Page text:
February 13th, 2018 6:39 AM by Jackie A. Graves
FHA loan is a mortgage issued by federally qualified lenders and insured by the Federal
Housing Administration (FHA). FHA loans are designed for
low-to-moderate income borrowers who are unable to make a large down payment.
of 2018, these loans allow the borrower to borrow up to 96.5% of the value of
the home (with a credit score of at least 580; otherwise, a 10% down payment is
required). The 3.5% down payment requirement can come from a gift or a grant,
which makes FHA loans popular with first-time
loans were introduced after the Great Depression in the 1930s. During this
time, defaults and foreclosures skyrocketed.
In response, the government created federally insured loans that gave mortgage
lenders peace of mind, reduced lender risk and stimulated the housing
market. By insuring mortgages, lenders were (and still are) more inclined to
issue large mortgages in cases where they normally would not have approved the
loans are offered to low-income individuals who have credit scores as
low as 500. Individuals with a credit score between 500-579 can obtain an FHA
loan with a down payment of 10%; individuals with a credit score higher than
580 can get an FHA loan with as little as 3.5% down. The Federal Housing
Administration does not lend the borrower the money to take on a mortgage or to
buy the house. Rather, the borrower pays a monthly or annual mortgage
insurance premium to the FHA to insure the loan, which the
lending institution issues to him or her. In case of default, the lender’s
financial risk is minimized because the FHA would step in to cover the
history is not a problem with an FHA loan. Instead of your credit report, the
lender may look at other payment-history records, such as utility and rent
payments. Even people who have gone through bankruptcy and foreclosure may
still qualify for an FHA loan. However, the lower the credit score and the
lower the down payment, the higher the interest rate.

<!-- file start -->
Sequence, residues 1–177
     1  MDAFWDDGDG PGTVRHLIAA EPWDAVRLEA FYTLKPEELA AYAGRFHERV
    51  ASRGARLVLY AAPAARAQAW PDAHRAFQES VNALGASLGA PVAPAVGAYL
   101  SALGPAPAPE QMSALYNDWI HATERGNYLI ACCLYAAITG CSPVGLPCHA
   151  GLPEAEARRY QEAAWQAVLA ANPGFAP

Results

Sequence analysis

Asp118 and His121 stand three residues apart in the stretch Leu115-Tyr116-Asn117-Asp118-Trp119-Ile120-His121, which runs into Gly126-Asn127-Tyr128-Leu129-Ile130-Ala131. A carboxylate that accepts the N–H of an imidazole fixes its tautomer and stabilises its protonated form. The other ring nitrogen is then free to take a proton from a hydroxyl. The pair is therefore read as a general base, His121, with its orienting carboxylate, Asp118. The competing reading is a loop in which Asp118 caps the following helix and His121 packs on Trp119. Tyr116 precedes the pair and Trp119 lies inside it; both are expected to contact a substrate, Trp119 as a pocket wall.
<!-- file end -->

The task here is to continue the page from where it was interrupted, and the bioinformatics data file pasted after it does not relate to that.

In addition to the traditional first mortgages, the FHA offers a
reverse mortgage program known as Home Equity Conversion Mortgage (HECM). This program
helps seniors convert the equity in their homes to cash while retaining the
titles to their homes. FHA also offers a special product known as an FHA 203(k) loan, which factors in the cost of certain repairs
and renovations into the loan. This one loan allows an individual to borrow
money for both a home purchase and home improvement. This can make a big
difference for a borrower who does not have a lot of cash on hand after making
the down payment. The FHA’s Energy Efficient Mortgage program is a similar
concept, but aimed at upgrades that lower the utility bill. The cost of newer,
more efficient appliances, for example, becomes part of the loan.
order for an FHA loan to be approved, the borrower must have mortgage insurance. An FHA
loan requires two types of mortgage insurance premiums (MIP) to be made by the
borrower – an Upfront Mortgage Insurance Premium (UPMIP)
and an Annual MIP. The upfront MIP is equal to 1.75% of the loan amount (as of
2018) and is paid at the time of closing. A borrower who was issued a home loan
for $350,000 will have to pay a UPMIP of 1.75% x $350,000 = $6,125. The
payments are deposited into an escrow account set up by the US Treasury
Department, and the funds are used to make mortgage payments in case the borrower defaults.
annual MIP payments are made every month by the borrower. The payments
vary according to the loan amount, length of the loan, and the original loan-to-value ratio (LTV). The typical MIP cost is
usually 0.85% of the loan amount. Following our example above, the borrower
would have to make annual MIP payments of 0.85% x $350,000 = $2,975, or $247.92
monthly. This is to be paid in addition to the cost of UPMIP.